Thanks for sharing...I've also read that we are supposed to drink half our body weight in ounces. I drink one bottle of water on my way to work every morning and I keep 3 bottles of water on my desk, this helps me to remember throughout the day to drink water. I also keep a case of water at work so it's always handy instead of trying to purchase or reach for other beverages. - 6/17/2014 11:47:41 AM
  • Good reminders. Thanks for sharing. - 9/14/2013 7:36:34 AM
  • Loved the article and it applies to people like me with relatively moderate workouts. However, there is some interesting research about rigorous work outs and recovery meals. Apparently eating high carbs immediately following an intense workout (over and hour) significantly reduces to recovery time of you body. For example, a college level athlete might be given a whole pizza following a football game and a second high carb meal 60 to 90 minutes later. Just interesting fodder...... - 8/25/2013 9:25:04 AM
  • Great advise. I need to remember to drink more water! - 2/14/2013 9:23:37 PM
  • EMILYAW1
    For me, I always have water on-hand when I work out, but I rarely finish an entire 12 ounce bottle before my workout (even 60 minute ones) are over.
    This is because I find that I don't need to rehydrate my body so immediately during a workout as I need to wet my whistle. I especially don't drink more than a sip or two when I'm about to do ab work (on my back or front). If I do, I can feel the water rise in my throat.
    It's best to drink in moderation during exercise, and excess afterwards. - 12/8/2012 4:55:53 PM
  • Good info, good reminder, basic and solid need to know information. - 10/4/2012 12:28:14 AM
  • This is such a good reminder, along with specifics I never knew. It's 2pm and here I am haven't had a drink of water at all today! - 10/2/2012 3:06:43 PM
  • ASHPATCH11
    For me ....

    During any one basketball game I often have many sips where I sub off or its half time. However if I am super thrity i try not to chugg or it makes my belly sloshy no good to run with.

    During a weekend tourmament with 3-4 games within a few hours i will drink water and a sports drink.

    During a 60min run outside i dont drink any water during the run but i do drink just before and after the run.

    I like the advise of doing what feels right!
    - 10/2/2012 11:39:40 AM
  • All good info, especially the part that says - do what feels right and you prefer!
    - 8/24/2012 9:39:05 AM
  • This sounds like a sane article; certainly made me feel better. Like some commenters, I cannot bear the thought of drinking during my exercise sessions. I even feel nauseated if I think of drinking about 15 minutes afterwards. I feel weird because I am really the only one in my gym without a water bottle; everyone else is sipping away. The ironic thing is that very few people work out at my intensity, plus I sweat until my clothes are drenched. But I do not want to drink. I pack a small thermos of cold water or lemonade and drink it in the car about 15-20 minutes afterward. - 8/24/2012 8:50:20 AM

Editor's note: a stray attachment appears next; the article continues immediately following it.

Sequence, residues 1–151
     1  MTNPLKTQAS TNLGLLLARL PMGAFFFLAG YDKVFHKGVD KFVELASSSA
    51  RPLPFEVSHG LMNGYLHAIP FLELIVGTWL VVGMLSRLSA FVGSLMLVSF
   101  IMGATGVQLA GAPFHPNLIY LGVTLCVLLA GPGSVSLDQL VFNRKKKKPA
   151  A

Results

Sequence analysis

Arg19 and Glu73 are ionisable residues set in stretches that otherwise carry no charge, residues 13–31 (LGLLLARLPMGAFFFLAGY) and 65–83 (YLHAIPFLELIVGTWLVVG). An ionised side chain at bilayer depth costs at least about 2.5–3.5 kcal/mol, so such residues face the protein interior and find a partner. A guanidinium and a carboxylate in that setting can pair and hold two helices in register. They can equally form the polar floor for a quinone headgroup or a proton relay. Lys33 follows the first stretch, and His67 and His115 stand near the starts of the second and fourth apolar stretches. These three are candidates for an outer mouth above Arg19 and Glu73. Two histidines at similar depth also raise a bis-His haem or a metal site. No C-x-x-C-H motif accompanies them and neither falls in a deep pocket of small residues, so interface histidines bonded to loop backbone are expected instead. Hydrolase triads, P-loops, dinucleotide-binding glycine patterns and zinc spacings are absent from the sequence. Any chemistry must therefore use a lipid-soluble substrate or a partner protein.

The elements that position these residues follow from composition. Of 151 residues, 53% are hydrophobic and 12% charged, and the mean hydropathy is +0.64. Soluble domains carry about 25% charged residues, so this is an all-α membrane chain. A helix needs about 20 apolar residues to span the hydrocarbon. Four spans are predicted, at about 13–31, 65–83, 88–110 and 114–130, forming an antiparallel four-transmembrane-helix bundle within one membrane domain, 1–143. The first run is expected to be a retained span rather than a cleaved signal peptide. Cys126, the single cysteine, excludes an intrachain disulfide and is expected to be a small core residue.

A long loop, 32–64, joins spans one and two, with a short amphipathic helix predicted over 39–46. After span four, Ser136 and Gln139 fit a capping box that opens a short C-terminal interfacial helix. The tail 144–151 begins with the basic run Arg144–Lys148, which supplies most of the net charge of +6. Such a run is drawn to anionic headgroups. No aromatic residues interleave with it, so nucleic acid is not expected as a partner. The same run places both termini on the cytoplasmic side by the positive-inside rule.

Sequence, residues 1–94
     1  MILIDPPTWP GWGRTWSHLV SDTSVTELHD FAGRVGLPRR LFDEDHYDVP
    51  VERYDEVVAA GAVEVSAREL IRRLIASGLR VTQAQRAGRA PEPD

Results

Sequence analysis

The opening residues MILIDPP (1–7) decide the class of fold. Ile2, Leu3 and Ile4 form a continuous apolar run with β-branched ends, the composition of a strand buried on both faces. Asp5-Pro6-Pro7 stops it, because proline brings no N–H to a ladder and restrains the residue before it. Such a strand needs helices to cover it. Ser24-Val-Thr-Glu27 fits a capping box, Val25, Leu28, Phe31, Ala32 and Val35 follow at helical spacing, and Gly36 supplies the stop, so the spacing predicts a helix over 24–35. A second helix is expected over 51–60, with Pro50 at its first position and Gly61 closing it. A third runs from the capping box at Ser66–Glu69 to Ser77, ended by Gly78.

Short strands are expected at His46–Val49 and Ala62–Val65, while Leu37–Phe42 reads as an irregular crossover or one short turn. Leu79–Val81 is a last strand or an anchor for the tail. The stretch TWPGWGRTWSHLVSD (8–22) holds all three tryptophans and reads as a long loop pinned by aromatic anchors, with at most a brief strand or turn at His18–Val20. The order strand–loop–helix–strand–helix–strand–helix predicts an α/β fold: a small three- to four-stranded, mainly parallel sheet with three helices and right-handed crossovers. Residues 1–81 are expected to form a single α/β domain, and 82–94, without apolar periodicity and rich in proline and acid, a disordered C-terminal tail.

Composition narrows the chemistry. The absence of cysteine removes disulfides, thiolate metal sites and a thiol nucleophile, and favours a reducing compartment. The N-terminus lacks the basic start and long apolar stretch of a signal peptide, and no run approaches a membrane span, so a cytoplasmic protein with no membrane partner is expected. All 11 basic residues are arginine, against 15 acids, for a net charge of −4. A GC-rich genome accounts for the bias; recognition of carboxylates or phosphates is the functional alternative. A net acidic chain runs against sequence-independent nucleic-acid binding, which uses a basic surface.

• I cannot drink during any type of exercise. I get nauseous. have vomit a couple of times. - 8/24/2012 7:28:32 AM
  • I'm someone who needs to take at least a sip to a few gulps of water between each routine during Zumba. It makes sense, because I sweat a lot, but it still seemed like a lot of water to be drinking--about 8 oz. per 15 minutes of exercise. I'm relieved to find out that it's an acceptable amount of water to be drinking. :) - 6/28/2012 1:42:40 PM
  • == *If possible, weigh yourself on the same scale, before and after exercise so you know how much to drink for rehydration. ==

    There are people I really wish could understand this - that the only real change from before to after exercise is water loss and that it needs to be replenished rather than celebrated as a weight loss. - 6/18/2012 12:39:42 PM
  • This article answered a long-time question for me. I find that if I drink while I run I get really sick to my stomach -- almost like motion sickness -- and I feel like I am going to vomit. It has a significantly detrimental impact on my running. So my answer was not to drink while I run. But my running partner thinks I'm crazy and I'm going to die. She drinks almost constantly while we run -- even short 3 milers. After reading this article I realized that starting about an hour and a half before a run (and stopping about 30 minutes before) I drink a LOT of water. By the time I start running it is no longer sloshing around in my stomach and I'm fine. I know that I don't have any symptoms of dehydration because I am able to maintain my pace without problems and I don't have any cramping. I will have my running partner read this and then maybe she will feel better (or at least know when she needs to call the ambulance if I do get dehydrated! ;-) Thanks SparkPeople - 6/18/2012 11:32:03 AM